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Compared to...

When we reviewed the Olympus E-P1 recently we noted that it had no direct competitors, being designed to combine DLSR quality with compact camera ease of use and portability. Well, now it does have a direct competitor, the GF1, and - despite having an awful lot in common - there are key feature and specification differences (many of which we covered earlier here).

Like the E-P1, the GF1 straddles the great divide between high end compacts like the Canon G10 and low to mid-range digital SLRs, such as the Nikon D5000 and Canon EOS 500D. You could also argue that it appeals to the same audience as the Sigma DP1/DP2 and the forthcoming Leica X1 (the world's only 'large sensor' compacts) - despite their lack of zoom or interchangeable lenses.

The E-P1, G1 and GH1 reviews clearly showed that Micro Four Thirds cameras can compete with entry-level SLRs (and in fact demand no compromises at all when it comes to image quality), so we're not going to bore you with endless comparisons between the GF1 and every SLR on the market. Instead we'll look at how it compares to the E-P1 (which is what everyone really wants to know), to the Canon EOS 500D (which acts as a pretty good benchmark for mid range SLRs) and to the Panasonic LX3, one of the handful of 'enthusiast' compacts still on the market.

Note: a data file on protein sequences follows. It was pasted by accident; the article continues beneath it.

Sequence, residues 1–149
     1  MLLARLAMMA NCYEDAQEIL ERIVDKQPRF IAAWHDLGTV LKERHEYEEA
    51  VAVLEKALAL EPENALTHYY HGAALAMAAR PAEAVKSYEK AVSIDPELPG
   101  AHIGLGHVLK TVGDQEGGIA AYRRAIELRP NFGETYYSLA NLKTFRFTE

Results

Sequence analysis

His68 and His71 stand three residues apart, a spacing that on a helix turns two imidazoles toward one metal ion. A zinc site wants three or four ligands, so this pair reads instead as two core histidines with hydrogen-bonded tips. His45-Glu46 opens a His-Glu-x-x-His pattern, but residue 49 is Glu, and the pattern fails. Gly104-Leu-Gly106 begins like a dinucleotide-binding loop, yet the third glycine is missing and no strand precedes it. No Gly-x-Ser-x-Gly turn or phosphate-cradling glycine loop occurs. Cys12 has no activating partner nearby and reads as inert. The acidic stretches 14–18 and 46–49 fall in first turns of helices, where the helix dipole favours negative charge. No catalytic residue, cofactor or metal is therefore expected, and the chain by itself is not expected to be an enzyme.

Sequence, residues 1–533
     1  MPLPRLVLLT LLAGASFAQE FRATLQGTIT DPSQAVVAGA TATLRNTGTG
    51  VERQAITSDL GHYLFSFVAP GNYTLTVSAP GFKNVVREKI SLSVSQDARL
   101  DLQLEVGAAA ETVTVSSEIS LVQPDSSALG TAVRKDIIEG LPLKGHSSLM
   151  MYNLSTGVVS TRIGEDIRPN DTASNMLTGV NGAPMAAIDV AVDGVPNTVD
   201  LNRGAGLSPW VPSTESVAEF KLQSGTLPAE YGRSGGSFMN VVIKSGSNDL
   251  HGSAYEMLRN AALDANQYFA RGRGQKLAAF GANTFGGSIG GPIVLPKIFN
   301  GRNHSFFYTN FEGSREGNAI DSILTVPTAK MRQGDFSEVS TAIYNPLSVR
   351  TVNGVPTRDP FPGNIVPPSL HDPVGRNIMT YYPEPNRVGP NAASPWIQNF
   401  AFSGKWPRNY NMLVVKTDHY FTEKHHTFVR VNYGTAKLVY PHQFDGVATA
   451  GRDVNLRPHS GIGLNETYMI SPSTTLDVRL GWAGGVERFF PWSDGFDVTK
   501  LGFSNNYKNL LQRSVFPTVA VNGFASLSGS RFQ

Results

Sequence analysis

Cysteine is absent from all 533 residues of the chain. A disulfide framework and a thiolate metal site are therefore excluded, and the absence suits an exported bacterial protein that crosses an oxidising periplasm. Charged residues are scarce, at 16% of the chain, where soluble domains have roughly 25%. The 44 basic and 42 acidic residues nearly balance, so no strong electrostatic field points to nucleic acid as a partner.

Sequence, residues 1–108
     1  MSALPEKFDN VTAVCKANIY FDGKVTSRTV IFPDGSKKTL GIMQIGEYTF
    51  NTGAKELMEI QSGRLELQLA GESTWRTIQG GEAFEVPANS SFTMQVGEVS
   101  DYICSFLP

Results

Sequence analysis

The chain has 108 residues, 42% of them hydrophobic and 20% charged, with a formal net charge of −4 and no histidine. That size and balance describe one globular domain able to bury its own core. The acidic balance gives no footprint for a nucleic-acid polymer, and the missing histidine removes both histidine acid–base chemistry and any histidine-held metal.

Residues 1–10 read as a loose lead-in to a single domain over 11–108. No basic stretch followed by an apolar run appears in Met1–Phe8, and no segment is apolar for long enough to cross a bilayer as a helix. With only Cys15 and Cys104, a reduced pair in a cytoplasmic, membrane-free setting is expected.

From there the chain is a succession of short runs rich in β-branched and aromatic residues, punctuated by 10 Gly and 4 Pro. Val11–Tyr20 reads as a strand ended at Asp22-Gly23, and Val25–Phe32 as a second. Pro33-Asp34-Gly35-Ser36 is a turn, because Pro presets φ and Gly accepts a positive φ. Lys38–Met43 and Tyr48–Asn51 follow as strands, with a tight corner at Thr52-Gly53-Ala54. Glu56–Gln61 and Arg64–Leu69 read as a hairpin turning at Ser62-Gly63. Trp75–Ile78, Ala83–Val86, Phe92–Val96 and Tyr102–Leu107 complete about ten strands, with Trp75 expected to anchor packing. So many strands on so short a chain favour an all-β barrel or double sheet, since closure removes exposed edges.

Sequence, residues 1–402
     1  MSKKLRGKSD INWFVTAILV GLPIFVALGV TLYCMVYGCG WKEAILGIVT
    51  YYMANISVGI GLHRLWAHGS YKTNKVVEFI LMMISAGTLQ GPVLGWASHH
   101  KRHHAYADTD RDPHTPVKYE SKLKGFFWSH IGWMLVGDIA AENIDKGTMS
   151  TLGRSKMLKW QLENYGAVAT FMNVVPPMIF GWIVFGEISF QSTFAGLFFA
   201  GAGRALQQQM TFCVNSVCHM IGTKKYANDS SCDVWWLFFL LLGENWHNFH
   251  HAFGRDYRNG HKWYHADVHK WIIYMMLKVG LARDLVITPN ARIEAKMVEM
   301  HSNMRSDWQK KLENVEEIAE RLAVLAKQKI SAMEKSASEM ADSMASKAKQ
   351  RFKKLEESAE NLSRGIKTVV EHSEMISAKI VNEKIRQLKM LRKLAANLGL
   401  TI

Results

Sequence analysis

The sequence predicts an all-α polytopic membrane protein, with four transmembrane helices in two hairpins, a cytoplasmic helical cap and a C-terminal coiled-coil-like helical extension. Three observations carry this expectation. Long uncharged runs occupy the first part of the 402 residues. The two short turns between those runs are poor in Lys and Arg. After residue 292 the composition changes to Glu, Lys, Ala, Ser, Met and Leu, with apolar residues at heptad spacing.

Again, like the E-P1, the GF1 trades off some DSLR functionality (mainly the optical viewfinder and ultra fast autofocus) in order to keep the size down, but the overall feature mix is competitive with similarly priced 'full size' cameras. The chart below shows how the headline spec compares with a range of cameras in both the DSLR and compact sector - the cameras in bold are featured in the studio comparisons on the pages that follow.

Camera Kit*
price
Viewfinder LCD Video Anti
Shake
Sensor
(effective pixels)
Panasonic
DMC-GF1
$899 Optional electronic, 0.52x 3.0" / 460k pixels 720p, AVCHD Lite and MJPEG Lens 12.3 MP LiveMOS
(17.3 x 13 mm)
Olympus
E-P1
$799 None 3.0" / 230k pixels 720p, MJPEG In-body 12.3 MP LiveMOS
(17.3 x 13 mm)
Olympus
E-620
$700 SLR, 0.48x * 2.7" / 230k pixels None In-body 12.3 MP LiveMOS (17.3 x 13 mm)
Nikon D5000 $780 SLR, 0.52x * 2.7" / 230k pixels 720p,
MJPEG
Lens option 12.3 MP CMOS
(23.6 x 15.8 mm)
Canon
EOS 500D
$830 SLR, 0.54x * 3.0" / 920k pixels

1080 @ 20fps, 720p, H264.

Lens option 15.1 MP CMOS
(22.3 x 14.9 mm)
Panasonic
DMC-LX3
$499 None 3.0" / 460k pixels VGA, MJPEG Lens 10.1 MP CMOS
(8.0 x 5.5 mm)
Sigma DP2 $649 None 2.5" / 230k pixels 320 x 240, MJPEG None 4.6 MP x 3 X3F
(20.7 x13.8 mm)
Canon G10 $480 Non-SLR, Optical 3.0" / 460k pixels VGA, MJPEG .MOV Lens 14.7 MP CCD
(7.6 x 5,7 mm)

* The viewfinder sizes have been corrected for sensor size. Kit prices include standard zoom lens

Panasonic GF1 advantages over E-P1

  • Faster autofocus and AF subject tracking
  • Higher resolution screen (twice as many dots)
  • Built in flash
  • Optional Viewfinder
  • AVCHD Lite
  • Fast (F1.7) pancake lens kit

Olympus E-P1 advantages over GF1

  • Currently supports autofocus on a wider range of Olympus Four Thirds lenses
  • In-body IS
  • Collapsible kit zoom
  • Stereo Sound
  • Dual control dials
  • Art Filters
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